Rhubarb: The Poisonous Veggie You Can Totally Eat

Fresh rhubarb (Rheum rhaponticum) has bright red stems that are totally edible — just stay away from eating the leaves. Lisa Stokes/Getty Images

Is it a fruit? Is it a vegetable? Most people don't really seem to know, but they know one thing for sure: They've never tasted anything quite like it. You'd be forgiven for thinking that we're referring to a tomato, but there's actually another red-hued plant on our mind: rhubarb.


What Is Rhubarb?

Rhubarb is a plant known for its frilly green leaves (more on those later) and its sour — and vividly red — stalks that resemble celery in shape and texture. Although rhubarb originated in Asia, it is now grown across Europe and North America, most famously in the Rhubarb Triangle, which is the area between Wakefield, Morley and Rothwell in the U.K.

In the United States, the Pacific Northwest is perhaps the most common area for growing rhubarb, as the plant thrives in that climate. Tim Richter is a fourth-generation farmer of rhubarb in Puyallup, Washington, and the owner of EG Richter Family Farm.


Richter's great-grandfather went west from Minnesota during the Gold Rush, but he missed the boat on that opportunity and instead started a family farm growing rhubarb and other crops in the late 1800s. The farm has been passed down through the generations, and Richter's son now also helps run the farm.

"There's nowhere in the world that is better for growing rhubarb than the Puyallup valley. They kind of like the moist, mild climate, and that's what you've got in Washington, specifically western Washington," says Richter. "When you get too much sun and too much heat, the rhubarb can grow, but what tends to happen ... it loses the color. The stalks start to turn quite green."


Field Rhubarb vs. Hothouse Rhubarb

Not all rhubarb tastes or looks the same. Two different varieties of rhubarb compete on the market: field rhubarb and forced (also known as hothouse) rhubarb.

As the name implies, field rhubarb comes straight from the field. As field rhubarb becomes exposed to outdoor light, it can have a greener tinge and a slightly stringier texture when you crack open the stalk, according to Richter.


Hothouse, on the other hand, requires a more deliberate, careful growing process, which entails depriving the rhubarb of light inside a hothouse in order to better draw out its natural red hue. The only time that the rhubarb becomes exposed to indoor lighting is during the harvesting process. Richter explains the careful work that goes into raising hothouse rhubarb:

You grow this plant in the field for two years until [the root ball] becomes a pretty-good-sized ball. About a hundred-pound ball. Then we file those out of the soil in December once the plant's gone dormant. And then we bring them into these buildings. Stack them in these aisles. Close the doors and turn on the heat with a little water, and it starts shooting up the stalk in search of light. And then we come along and pull it off.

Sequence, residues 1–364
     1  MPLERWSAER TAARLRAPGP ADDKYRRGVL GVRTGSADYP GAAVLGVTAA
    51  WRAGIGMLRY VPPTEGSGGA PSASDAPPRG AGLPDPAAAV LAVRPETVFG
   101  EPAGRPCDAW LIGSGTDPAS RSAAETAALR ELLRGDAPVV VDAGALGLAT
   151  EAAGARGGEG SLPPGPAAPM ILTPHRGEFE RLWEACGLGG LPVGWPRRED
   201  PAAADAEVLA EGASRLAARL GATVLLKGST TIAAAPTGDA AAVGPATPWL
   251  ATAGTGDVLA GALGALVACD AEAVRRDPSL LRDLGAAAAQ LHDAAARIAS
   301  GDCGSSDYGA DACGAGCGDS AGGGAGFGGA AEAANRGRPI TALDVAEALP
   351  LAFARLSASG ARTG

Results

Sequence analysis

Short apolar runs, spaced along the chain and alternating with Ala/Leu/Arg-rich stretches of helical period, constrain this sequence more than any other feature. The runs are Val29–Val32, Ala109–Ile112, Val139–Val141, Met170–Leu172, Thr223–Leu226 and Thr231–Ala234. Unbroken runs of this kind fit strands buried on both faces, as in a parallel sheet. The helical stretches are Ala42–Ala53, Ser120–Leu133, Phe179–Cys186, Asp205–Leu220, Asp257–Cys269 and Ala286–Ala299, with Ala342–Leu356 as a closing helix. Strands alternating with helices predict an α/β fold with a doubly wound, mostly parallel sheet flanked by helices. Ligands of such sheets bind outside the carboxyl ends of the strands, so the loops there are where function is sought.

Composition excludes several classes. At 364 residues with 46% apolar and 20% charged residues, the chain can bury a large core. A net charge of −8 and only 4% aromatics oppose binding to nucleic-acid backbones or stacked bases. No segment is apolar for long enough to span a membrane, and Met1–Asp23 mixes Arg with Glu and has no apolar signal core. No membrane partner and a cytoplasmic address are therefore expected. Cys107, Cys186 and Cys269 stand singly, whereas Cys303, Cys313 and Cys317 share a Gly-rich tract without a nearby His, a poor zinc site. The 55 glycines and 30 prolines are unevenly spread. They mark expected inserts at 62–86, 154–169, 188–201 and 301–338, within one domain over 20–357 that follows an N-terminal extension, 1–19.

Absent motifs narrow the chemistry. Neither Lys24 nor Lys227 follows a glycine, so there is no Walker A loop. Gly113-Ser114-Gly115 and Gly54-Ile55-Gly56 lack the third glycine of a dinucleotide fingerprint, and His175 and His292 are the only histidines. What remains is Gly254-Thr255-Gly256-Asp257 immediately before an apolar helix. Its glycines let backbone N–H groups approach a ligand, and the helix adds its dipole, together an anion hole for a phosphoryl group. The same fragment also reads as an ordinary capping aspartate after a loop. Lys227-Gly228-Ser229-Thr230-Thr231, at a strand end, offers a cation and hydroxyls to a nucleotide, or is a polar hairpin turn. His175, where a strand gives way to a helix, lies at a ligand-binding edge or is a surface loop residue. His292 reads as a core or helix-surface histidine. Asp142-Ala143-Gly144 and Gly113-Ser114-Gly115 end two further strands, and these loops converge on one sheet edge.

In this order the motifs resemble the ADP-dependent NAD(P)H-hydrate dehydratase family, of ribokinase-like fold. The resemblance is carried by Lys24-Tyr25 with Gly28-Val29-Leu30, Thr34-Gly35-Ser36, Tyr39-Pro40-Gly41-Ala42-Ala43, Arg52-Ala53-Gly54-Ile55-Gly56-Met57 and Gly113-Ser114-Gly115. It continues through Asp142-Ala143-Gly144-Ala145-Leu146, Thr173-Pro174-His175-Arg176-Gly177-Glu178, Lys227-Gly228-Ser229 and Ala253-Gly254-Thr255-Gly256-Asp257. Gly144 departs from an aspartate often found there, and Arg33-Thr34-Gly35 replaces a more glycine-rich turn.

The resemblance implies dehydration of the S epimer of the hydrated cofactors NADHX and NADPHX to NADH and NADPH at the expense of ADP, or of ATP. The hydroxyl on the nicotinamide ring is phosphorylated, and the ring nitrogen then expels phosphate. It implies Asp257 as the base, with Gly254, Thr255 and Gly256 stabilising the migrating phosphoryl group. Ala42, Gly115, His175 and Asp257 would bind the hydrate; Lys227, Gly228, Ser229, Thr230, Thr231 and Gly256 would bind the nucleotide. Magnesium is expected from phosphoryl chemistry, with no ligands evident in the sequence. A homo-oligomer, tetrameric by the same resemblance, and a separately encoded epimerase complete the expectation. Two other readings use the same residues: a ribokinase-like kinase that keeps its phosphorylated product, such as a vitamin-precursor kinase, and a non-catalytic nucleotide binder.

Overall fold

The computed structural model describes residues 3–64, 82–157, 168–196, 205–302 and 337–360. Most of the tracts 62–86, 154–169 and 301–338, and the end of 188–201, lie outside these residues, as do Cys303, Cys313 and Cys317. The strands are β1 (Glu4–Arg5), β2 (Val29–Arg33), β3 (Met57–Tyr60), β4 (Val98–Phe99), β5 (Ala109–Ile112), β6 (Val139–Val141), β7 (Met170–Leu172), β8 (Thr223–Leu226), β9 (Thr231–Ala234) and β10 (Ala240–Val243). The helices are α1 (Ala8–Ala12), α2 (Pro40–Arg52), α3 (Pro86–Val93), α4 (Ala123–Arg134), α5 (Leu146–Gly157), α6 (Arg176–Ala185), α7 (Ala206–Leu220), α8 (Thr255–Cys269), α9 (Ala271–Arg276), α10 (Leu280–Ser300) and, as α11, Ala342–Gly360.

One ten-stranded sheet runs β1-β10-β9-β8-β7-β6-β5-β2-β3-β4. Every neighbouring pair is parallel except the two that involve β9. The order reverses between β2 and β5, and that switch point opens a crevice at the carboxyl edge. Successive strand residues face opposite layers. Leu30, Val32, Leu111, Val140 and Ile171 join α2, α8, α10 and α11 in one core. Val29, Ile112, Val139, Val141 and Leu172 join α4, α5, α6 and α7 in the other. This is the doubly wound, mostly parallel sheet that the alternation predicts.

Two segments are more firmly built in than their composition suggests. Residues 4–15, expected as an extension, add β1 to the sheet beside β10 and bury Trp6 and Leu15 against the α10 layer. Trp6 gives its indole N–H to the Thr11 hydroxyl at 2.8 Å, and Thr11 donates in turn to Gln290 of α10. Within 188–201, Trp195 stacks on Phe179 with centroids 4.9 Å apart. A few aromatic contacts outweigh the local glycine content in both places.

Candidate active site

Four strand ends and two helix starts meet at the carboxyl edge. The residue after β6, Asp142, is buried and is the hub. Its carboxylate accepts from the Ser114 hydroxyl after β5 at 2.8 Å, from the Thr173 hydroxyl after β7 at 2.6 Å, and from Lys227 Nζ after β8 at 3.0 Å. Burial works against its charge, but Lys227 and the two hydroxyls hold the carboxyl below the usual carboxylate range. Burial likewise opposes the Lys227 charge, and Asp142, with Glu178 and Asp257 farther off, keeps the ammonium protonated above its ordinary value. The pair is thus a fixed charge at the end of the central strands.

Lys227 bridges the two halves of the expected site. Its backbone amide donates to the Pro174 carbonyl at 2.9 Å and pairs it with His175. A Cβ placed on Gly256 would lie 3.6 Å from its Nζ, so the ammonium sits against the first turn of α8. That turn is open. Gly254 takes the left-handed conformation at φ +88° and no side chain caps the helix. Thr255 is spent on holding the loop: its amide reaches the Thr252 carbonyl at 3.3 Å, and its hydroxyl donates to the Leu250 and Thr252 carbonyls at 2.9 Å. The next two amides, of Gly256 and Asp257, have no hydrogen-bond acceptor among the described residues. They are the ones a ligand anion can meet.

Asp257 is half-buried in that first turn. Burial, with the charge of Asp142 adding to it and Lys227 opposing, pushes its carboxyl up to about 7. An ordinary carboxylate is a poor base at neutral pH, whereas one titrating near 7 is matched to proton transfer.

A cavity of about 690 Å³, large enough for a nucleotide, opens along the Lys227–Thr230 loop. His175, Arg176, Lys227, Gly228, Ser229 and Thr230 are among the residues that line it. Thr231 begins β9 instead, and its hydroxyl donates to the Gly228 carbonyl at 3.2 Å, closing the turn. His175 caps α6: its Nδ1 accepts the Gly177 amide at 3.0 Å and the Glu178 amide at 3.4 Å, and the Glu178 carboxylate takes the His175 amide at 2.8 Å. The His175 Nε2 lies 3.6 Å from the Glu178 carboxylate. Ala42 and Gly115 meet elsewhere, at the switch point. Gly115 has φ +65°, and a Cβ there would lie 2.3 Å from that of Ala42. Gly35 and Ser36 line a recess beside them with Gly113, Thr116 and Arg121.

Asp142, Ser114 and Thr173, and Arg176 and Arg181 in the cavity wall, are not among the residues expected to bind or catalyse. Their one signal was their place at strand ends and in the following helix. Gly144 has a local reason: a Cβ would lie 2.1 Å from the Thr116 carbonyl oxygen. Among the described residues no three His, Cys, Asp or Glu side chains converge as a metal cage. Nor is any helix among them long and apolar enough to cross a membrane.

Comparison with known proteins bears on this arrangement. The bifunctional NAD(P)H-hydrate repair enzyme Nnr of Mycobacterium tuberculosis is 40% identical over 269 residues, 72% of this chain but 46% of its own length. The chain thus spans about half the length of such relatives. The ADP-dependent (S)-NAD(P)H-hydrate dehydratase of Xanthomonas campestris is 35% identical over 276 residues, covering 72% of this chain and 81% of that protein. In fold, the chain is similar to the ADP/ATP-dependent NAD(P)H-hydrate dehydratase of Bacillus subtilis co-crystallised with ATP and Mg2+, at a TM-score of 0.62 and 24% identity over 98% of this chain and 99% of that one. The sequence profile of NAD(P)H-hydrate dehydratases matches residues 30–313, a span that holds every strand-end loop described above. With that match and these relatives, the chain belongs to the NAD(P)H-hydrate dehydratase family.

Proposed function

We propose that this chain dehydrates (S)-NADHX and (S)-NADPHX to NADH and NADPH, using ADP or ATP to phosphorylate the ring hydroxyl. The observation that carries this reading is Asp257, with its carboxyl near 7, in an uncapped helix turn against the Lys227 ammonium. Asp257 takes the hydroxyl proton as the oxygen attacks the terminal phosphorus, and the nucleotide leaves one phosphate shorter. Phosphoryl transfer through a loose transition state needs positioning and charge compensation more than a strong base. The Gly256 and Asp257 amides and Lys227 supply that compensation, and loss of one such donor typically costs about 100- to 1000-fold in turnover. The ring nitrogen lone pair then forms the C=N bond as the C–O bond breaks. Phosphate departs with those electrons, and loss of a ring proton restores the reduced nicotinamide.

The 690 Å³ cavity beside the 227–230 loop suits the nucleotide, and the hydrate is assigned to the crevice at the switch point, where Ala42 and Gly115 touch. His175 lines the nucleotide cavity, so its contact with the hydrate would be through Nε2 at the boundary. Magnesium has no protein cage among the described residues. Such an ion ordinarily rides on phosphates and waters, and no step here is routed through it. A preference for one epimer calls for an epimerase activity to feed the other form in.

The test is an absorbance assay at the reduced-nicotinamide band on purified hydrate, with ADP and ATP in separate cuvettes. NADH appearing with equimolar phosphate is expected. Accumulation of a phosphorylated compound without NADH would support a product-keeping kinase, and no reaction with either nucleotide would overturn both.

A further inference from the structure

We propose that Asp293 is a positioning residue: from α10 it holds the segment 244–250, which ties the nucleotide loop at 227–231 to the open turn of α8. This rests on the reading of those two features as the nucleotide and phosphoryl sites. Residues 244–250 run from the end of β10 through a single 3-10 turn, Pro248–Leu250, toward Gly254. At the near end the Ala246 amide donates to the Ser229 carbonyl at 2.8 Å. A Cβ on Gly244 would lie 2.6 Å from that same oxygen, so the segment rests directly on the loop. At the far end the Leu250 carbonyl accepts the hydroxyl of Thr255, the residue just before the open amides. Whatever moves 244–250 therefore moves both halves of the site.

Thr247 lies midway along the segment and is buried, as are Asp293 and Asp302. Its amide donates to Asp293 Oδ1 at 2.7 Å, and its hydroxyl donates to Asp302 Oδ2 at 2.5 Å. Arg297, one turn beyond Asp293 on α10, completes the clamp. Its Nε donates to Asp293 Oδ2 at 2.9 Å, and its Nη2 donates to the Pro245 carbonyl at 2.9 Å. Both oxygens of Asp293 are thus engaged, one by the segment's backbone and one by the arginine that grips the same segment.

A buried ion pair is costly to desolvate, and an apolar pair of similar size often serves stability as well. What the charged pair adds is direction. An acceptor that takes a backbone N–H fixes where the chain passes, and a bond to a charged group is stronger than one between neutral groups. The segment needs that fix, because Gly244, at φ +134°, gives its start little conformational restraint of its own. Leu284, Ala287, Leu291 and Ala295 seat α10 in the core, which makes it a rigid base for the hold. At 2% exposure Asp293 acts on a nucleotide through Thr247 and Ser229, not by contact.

Richter explains that due to the lack of light exposure, the hothouse rhubarb leaves often turn "bright yellow" and the stalks turn into a "brilliant red" color. These unusual colors and the delicate growing process means that hothouse commands a premium price compared to field rhubarb.

But as for which one tastes better? Richter is agnostic on that front.

"You put two stalks side by side, one being hothouse, one being field, you would probably taste that difference. I don't want to say one's better than the other. They're different."

Outside the U.S., Yorkshire growers in the U.K. receive worldwide acclaim for their hothouse, or forced, rhubarb. They're especially known for the traditional practice of harvesting rhubarb by candlelight to keep the stalks tender.

A farmer harvesting rhubarb in a candlelit barn.
Monty Rakusen/Getty Images


The Rise and Fall of Rhubarb

The popularity of American-grown rhubarb has fallen in recent decades since its heyday in the 1960s and '70s, according to Richter. With so much international produce coming in from across the world, it can be hard for the hearty red plant to compete in the global market. Plus, most recipes require the rhubarb to be cooked, which can make it less appealing than ready-to-eat produce.

"When my great-grandfather was doing it, and my grandfather, there wasn't all the shipping products coming from South America and all over the world. Rhubarb was kind of the first group on the market, so to speak. It was a big thing," says Richter.


Richter says that farmers are growing less rhubarb in the U.S. as the supply adjusts to the drop in consumer demand.